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Repair Mode could hide your personal data while your Pixel phone is being fixed

Next time you send your Pixel in for repair, you won't need to worry about getting it back with no data.

Published onSeptember 20, 2023

Google Pixel Fold vs Galaxy Z Fold 5
Damien Wilde / Android Authority
  • Today, you need to factory reset your Pixel phone before you send it to Google (or Google will wipe it for you).
  • Google seems to be working on a Repair Mode that’ll create a secure environment that the service center can use without affecting your data.
  • When you get your phone back, you should be able to restore it to its normal state.

Picture this: You drop your Pixel phone on the floor, unfortunately resulting in a cracked screen. Since you pay for Preferred Care, you decide to send it to Google for repair rather than fixing it yourself. However, before you send your phone in for repair, you begrudgingly factory reset it. It’s a pain in the rear to have to set your phone up again once it’s back in your hands, but it’s better than giving people you don’t know access to your personal information. Fortunately, Google may have a solution to this problem in the form of Repair Mode, a new feature that could be coming to Pixels with the upcoming December 2023 Pixel Feature Drop.

In the first beta for Android 14 QPR1 Google released today, we spotted new strings in the Settings app that hint at this feature:

<string name="repair_mode_active_summary">In repair mode</string>
<string name="repair_mode_summary">Secure environment for device repair</string>
<string name="repair_mode_title">Repair mode</string>

Google Pixel Repair Mode: How might it work?

The way Repair Mode might works under the hood is quite interesting. On the surface, you might think it’ll just create a new user/profile similar to Maintenance Mode on Samsung Galaxy devices, but what I think Google might be doing is simulating a factory reset. Google could be leveraging a mechanism it introduced in Android 10 called Dynamic System Updates (DSU) to make this happen.

DSU was designed to make it possible to boot a Generic System Image (GSI) without overwriting the original installation, thus preserving the user’s data. DSU takes a GSI and creates a new, empty data image. During the next boot, Android swaps out the original system and data partitions with the GSI and new data image so that the device will boot into the GSI with a clean data partition.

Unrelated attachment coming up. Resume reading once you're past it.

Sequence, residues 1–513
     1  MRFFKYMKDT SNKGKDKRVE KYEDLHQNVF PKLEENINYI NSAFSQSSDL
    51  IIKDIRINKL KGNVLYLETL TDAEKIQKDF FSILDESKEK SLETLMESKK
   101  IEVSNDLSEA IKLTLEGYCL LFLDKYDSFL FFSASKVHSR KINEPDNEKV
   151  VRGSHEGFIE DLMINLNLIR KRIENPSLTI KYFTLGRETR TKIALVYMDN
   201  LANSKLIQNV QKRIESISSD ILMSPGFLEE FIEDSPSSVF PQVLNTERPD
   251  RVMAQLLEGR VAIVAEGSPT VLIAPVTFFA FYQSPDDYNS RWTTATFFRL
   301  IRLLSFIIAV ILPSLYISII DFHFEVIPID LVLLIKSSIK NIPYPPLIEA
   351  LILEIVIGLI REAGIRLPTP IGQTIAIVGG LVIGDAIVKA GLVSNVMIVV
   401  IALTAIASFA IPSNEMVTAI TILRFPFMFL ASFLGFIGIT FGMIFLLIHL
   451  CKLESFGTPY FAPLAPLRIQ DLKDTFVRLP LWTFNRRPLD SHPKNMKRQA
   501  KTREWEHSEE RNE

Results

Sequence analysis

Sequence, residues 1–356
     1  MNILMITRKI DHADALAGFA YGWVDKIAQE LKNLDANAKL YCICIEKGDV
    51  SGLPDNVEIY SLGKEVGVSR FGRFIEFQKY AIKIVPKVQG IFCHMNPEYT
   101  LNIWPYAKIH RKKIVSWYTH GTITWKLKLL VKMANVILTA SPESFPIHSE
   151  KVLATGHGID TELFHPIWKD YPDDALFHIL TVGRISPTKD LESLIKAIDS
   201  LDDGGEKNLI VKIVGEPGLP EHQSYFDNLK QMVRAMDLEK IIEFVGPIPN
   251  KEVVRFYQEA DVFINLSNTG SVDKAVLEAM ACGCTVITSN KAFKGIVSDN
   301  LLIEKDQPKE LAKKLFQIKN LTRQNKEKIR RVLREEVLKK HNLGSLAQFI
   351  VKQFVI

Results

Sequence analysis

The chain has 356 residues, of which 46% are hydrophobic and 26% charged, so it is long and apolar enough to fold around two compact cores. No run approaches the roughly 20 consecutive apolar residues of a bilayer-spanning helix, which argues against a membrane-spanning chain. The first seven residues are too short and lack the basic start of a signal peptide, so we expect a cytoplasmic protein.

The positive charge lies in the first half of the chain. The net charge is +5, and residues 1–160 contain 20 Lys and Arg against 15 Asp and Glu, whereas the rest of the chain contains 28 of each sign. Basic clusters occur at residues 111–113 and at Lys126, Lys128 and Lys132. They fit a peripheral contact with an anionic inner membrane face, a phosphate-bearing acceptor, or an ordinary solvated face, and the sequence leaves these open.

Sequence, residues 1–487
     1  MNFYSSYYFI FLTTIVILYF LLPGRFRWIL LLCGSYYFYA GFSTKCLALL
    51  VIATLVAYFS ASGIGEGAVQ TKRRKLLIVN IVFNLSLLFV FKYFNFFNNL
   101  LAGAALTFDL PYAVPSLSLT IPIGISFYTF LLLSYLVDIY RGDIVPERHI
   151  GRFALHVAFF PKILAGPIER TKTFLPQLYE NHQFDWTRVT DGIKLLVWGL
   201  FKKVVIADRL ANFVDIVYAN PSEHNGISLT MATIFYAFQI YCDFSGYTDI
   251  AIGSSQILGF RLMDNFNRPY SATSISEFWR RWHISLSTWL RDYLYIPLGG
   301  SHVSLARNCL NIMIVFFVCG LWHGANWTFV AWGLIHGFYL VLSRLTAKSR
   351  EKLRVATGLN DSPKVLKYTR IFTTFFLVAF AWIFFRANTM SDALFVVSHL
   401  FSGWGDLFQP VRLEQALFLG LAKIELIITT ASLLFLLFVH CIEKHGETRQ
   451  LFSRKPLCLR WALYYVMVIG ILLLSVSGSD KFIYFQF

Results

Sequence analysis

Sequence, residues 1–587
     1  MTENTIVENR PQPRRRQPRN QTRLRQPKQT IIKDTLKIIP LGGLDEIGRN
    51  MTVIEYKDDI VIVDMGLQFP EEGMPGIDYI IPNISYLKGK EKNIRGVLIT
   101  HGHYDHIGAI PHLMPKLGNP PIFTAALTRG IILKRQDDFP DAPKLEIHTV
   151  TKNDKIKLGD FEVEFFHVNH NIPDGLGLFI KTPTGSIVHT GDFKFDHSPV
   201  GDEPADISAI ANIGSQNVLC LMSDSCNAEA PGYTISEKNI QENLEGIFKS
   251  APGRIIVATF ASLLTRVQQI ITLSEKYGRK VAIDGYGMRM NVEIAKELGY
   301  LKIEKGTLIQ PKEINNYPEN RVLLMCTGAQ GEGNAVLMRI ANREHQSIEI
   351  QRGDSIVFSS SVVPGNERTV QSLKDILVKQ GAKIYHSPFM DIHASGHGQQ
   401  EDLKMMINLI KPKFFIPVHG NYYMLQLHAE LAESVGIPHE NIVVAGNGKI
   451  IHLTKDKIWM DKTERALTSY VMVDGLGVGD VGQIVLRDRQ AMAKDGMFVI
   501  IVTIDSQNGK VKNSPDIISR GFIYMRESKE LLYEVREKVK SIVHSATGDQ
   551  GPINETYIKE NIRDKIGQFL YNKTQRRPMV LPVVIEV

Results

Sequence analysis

What if, instead of swapping out the system and data partitions, Android only swaps out the data partition? Basically, use the original system partition but a new, empty data partition. That’s basically what a factory reset does, but since we’re only swapping out the data images, the original data image remains intact. It wasn’t possible to use DSU this way until Android 14, though, as Google only recently introduced several enhancements that make this doable.

For example, Android 14 added the ability to hide the default notification that’s shown when the device is running a dynamic system. It’s thanks to this that Repair Mode would be able to show its own notification. Another improvement that Google has made to DSU is allowing the “device owner” app to lock the device into the mode so that only the device owner (which in this case would be Repair Mode) can exit it. And thanks to a recent AOSP patch, the RMA tools that Google uses at its service centers will be able to know when a device is in Repair Mode, allowing the technician to forgo factory resetting it.

Repair Mode would be a great addition to Pixel, and I hope it arrives in the stable release of Android 14 QPR1 in December. 

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